# GLSL Programming/Unity/Introduction

GLSL (OpenGL Shading Language) is one of several commonly used shading languages for real-time rendering (other examples are Cg and HLSL). These shading languages are used to program shaders (i.e. more or less small programs) that are executed on a GPU (graphics processing unit), i.e. the processor of the graphics system of a computer – as opposed to the CPU (central processing unit) of a computer.

GPUs are massively parallel processors, which are extremely powerful. Most of today's real-time graphics in games and other interactive graphical applications would not be possible without GPUs. However, to take full advantage of the performance of GPUs, it is necessary to program them directly. This means that small programs (i.e. shaders) have to be written that can be executed by GPUs. The programming languages to write these shaders are shading languages. GLSL is one of them. In fact, it is the shading language of several 3D graphics APIs (application programming interfaces), namely OpenGL, OpenGL ES 2.x, and WebGL. Therefore, GLSL is commonly used in applications for desktop computers, mobile devices, and the web.

This wikibook was written with students in mind, who like neither programming nor mathematics. The basic motivation for this book is the observation that students are much more motivated to learn programming environments, programming languages and APIs if they are working on specific projects. Such projects are usually developed on specific platforms and therefore the approach of this book is to present GLSL within the game engine Unity.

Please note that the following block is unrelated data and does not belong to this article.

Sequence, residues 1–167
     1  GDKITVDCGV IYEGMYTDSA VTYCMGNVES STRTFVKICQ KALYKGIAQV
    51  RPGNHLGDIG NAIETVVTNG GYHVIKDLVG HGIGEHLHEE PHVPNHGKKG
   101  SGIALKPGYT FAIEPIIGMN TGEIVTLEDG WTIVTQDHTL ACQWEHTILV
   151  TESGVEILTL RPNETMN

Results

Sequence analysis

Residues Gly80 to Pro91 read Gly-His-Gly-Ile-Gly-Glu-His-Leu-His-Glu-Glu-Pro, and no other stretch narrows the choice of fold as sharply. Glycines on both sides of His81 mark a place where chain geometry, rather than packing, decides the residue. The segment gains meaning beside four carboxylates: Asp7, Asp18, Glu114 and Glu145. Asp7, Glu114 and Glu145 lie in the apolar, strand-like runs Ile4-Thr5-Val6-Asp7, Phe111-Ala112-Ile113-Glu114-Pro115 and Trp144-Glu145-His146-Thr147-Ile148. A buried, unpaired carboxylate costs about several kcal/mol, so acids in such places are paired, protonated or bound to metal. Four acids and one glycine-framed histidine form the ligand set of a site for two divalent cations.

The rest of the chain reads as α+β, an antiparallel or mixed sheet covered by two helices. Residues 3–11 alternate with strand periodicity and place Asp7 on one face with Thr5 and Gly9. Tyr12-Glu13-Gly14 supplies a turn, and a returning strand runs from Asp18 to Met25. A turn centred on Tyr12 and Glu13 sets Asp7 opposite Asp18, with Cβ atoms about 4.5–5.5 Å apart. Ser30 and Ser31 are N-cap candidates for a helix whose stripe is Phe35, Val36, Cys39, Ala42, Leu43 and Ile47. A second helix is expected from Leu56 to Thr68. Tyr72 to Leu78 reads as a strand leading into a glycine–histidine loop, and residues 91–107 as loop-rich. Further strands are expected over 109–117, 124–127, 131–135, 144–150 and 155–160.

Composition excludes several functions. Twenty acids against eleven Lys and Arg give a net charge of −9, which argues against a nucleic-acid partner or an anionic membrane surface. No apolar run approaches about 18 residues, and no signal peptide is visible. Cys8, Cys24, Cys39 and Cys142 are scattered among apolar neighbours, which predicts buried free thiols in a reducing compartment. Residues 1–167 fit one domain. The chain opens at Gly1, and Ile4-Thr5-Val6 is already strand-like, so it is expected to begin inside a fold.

Chapters 1 to 8 of the book consist of tutorials with working examples that produce certain effects. Note that these tutorials assume that you read them in the order in which they are presented, i.e. each tutorial will assume that you are familiar with the concepts and techniques introduced by previous tutorials. If you are new to GLSL or Unity you should at least read through the tutorials in Chapter 1, “Basics”.

More details about the OpenGL pipeline and GLSL syntax in general are included in an “Appendix on the OpenGL Pipeline and GLSL Syntax”. Readers who are not familiar with OpenGL or GLSL might want to at least skim this part since a basic understanding of the OpenGL pipeline and GLSL syntax is very useful for understanding the tutorials.

GLSL programming in the game engine Unity is considerably easier than GLSL programming for an OpenGL, OpenGL ES, or WebGL application. Import of meshes and images (i.e. textures) is supported by a graphical user interface; mipmaps and normal maps can be computed automatically; the most common vertex attributes and uniforms are predefined; OpenGL states can be set by very simple commands; etc.

A free version of Unity can be downloaded for Windows and MacOS at Unity's download page. All of the included tutorials work with the free version. Three points should be noted:

• First, Windows users have to use the command-line argument -force-opengl [1] when starting Unity in order to be able to use GLSL shaders; for example, by changing the Target setting in the properties of the desktop icon to: "C:\Program Files\Unity\Editor\Unity.exe" -force-opengl . (On MacOS X, OpenGL and therefore GLSL is used by default.) Note that GLSL shaders cannot be used in Unity applications running in web browser on Windows.
• Secondly, this book assumes that readers are somewhat familiar with Unity. If this is not the case, readers should consult the first three sections of Unity's User Guide [2] (Unity Basics, Building Scenes, Asset Import and Creation).
• Furthermore, as of version 3.5, Unity supports a version of GLSL similar to version 1.0.x for OpenGL ES 2.0 (the specification is available at the “Khronos OpenGL ES API Registry”); however, Unity's shader documentation [3] focuses on shaders written in Unity's own “surface shader” format and Cg/HLSL [4]. There are only very few details documented that are specific to GLSL shaders [5]. Thus, this wikibook might also help to close some gaps in Unity's documentation. However, optimizations (see, for example, this blog) are usually not discussed.

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Martin Kraus, August 2012